#22 – 1857-61 1c Franklin, type IIIA

Condition
Price
Qty
- Mint Stamp(s)
Ships in 30 days. i$1,250.00
$1,250.00
- Used Single Stamp(s)
Ships in 1 business day. i$550.00
$550.00
- Unused Stamp (small flaws)
Ships in 30 days. i$750.00
$750.00
- Used Stamp (small flaws)
Ships in 1 business day. i$300.00
$300.00
Mounts - Click Here
Condition
Price
Qty
- MM638215x33mm 25 Horizontal Strip Black Split-Back Mounts
Ships in 1 business day. i
$7.95
$7.95
- MM216829x33mm 50 Vertical Black Split-Back Mounts
Ships in 1 business day. i
$3.50
$3.50
- MM420129x33mm 50 Vertical Clear Bottom-Weld Mounts
Ships in 1 business day. i
$3.50
$3.50

U.S. #22
Series of 1857-61 1¢ Franklin
Type IIIa

Earliest Known Use: July 26, 1857
Quantity issued: Unknown
Printed by: Toppan, Carpenter & Co.
Printing Method: Flat plate
Watermark: None
Perforation: 15.5
Color: Blue

When the world’s first postage stamps were released, no provision was made for separating the stamps from one another. Post office clerks and stamp users merely cut these “imperforates” apart with scissors or tore them along the edge of a metal ruler. A device was needed which would separate the stamps more easily and accurately.
 
In 1847, Irishman Henry Archer patented a machine that punched holes horizontally and vertically between rows of stamps. Now stamps could be separated without cutting. Perforations enabled stamps to adhere better to envelopes. He sold his invention to the British Treasury in 1853. That same year, Great Britain produced its first perforated stamps.
 
The 1857-61 issues were the first perforated U.S. stamps. Their designs were reproduced from the imperforate plates of 1851. Because the same plates were used, the perforate stamp types don’t differ much from the corresponding imperforate stamps. The entire series (U.S. #18-39) is noted for having narrow margins.
 
The Type IIIa stamp is similar to Type III, except the outer line is broken at either the top or bottom – usually the top.  (If the outer line is broken at both the top and bottom, it is a Type III.)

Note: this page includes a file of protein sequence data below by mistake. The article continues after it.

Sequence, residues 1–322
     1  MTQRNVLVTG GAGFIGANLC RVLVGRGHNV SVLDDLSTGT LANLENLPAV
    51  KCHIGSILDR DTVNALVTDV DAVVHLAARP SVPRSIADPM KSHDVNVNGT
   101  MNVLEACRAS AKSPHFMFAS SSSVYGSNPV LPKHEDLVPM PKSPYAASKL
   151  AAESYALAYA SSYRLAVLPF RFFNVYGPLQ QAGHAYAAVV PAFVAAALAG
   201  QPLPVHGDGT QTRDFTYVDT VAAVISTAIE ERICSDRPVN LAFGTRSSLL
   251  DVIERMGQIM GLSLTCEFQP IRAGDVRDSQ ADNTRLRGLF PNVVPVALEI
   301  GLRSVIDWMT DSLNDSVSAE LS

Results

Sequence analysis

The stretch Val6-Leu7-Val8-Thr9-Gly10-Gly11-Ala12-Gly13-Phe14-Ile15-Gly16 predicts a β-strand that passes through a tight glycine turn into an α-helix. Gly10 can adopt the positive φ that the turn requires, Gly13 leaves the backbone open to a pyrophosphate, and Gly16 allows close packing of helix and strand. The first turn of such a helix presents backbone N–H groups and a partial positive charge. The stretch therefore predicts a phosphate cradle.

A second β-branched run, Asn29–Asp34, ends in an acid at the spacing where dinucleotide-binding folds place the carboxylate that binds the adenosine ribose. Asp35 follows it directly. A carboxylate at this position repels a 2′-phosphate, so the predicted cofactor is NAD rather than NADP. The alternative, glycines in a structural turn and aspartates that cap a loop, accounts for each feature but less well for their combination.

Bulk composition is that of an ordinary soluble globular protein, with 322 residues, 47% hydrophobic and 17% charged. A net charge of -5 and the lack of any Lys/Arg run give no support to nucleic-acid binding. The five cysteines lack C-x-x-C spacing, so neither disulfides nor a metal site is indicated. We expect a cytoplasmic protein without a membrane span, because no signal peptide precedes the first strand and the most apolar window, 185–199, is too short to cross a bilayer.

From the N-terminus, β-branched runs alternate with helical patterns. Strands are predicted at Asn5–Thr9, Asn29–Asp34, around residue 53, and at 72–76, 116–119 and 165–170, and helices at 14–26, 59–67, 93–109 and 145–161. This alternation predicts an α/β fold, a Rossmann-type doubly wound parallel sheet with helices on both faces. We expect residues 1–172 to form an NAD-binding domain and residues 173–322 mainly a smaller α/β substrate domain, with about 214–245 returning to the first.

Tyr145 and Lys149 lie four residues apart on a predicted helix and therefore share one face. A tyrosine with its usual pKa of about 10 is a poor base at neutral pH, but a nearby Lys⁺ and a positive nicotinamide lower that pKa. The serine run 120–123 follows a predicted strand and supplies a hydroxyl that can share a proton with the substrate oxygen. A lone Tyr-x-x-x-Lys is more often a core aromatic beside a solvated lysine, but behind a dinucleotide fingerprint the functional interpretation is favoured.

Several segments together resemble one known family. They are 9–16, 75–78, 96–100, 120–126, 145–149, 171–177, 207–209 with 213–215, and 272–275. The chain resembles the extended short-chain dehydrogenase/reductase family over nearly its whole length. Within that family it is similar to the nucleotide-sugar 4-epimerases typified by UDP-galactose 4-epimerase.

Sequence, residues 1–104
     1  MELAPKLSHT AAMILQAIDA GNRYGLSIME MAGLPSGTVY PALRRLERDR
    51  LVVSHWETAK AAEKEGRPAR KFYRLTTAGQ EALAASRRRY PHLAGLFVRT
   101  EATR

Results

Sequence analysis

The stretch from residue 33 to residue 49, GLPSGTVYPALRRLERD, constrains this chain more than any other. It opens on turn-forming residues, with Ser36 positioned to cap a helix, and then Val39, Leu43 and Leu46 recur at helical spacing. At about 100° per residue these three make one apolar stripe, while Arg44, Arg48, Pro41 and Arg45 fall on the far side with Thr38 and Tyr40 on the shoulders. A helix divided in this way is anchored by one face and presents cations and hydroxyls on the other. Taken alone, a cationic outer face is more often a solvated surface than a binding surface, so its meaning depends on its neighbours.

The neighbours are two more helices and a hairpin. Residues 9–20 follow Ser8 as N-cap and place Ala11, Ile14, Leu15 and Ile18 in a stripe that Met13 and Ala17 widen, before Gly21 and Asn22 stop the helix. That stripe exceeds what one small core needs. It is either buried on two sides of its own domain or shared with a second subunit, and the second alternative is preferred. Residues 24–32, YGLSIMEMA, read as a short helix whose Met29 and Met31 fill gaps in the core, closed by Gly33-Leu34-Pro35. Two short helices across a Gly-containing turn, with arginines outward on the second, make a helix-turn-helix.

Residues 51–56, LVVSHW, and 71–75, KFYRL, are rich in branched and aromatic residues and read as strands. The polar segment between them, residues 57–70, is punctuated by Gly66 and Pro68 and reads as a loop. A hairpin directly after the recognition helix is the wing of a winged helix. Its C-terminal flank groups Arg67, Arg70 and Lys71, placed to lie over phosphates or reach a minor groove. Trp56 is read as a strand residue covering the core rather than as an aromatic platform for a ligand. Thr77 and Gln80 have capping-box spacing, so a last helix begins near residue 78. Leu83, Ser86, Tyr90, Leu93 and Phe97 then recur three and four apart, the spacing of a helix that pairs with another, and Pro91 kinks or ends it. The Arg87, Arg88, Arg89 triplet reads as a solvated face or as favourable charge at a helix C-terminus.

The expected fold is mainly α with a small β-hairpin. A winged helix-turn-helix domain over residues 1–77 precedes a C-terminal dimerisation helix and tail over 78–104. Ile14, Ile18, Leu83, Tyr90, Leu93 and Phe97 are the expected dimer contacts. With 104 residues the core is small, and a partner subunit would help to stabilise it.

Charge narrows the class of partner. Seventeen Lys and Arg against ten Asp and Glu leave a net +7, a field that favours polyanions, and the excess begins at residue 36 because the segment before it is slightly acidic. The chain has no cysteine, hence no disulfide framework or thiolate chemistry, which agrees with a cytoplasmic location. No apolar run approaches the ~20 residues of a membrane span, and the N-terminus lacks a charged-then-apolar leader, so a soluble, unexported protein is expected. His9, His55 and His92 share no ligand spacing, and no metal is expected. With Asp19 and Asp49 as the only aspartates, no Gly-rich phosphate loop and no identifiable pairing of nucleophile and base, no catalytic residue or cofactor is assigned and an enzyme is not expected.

Read More - Click Here


U.S. #22
Series of 1857-61 1¢ Franklin
Type IIIa

Earliest Known Use: July 26, 1857
Quantity issued: Unknown
Printed by: Toppan, Carpenter & Co.
Printing Method: Flat plate
Watermark: None
Perforation: 15.5
Color: Blue

When the world’s first postage stamps were released, no provision was made for separating the stamps from one another. Post office clerks and stamp users merely cut these “imperforates” apart with scissors or tore them along the edge of a metal ruler. A device was needed which would separate the stamps more easily and accurately.
 
In 1847, Irishman Henry Archer patented a machine that punched holes horizontally and vertically between rows of stamps. Now stamps could be separated without cutting. Perforations enabled stamps to adhere better to envelopes. He sold his invention to the British Treasury in 1853. That same year, Great Britain produced its first perforated stamps.
 
The 1857-61 issues were the first perforated U.S. stamps. Their designs were reproduced from the imperforate plates of 1851. Because the same plates were used, the perforate stamp types don’t differ much from the corresponding imperforate stamps. The entire series (U.S. #18-39) is noted for having narrow margins.
 
The Type IIIa stamp is similar to Type III, except the outer line is broken at either the top or bottom – usually the top.  (If the outer line is broken at both the top and bottom, it is a Type III.)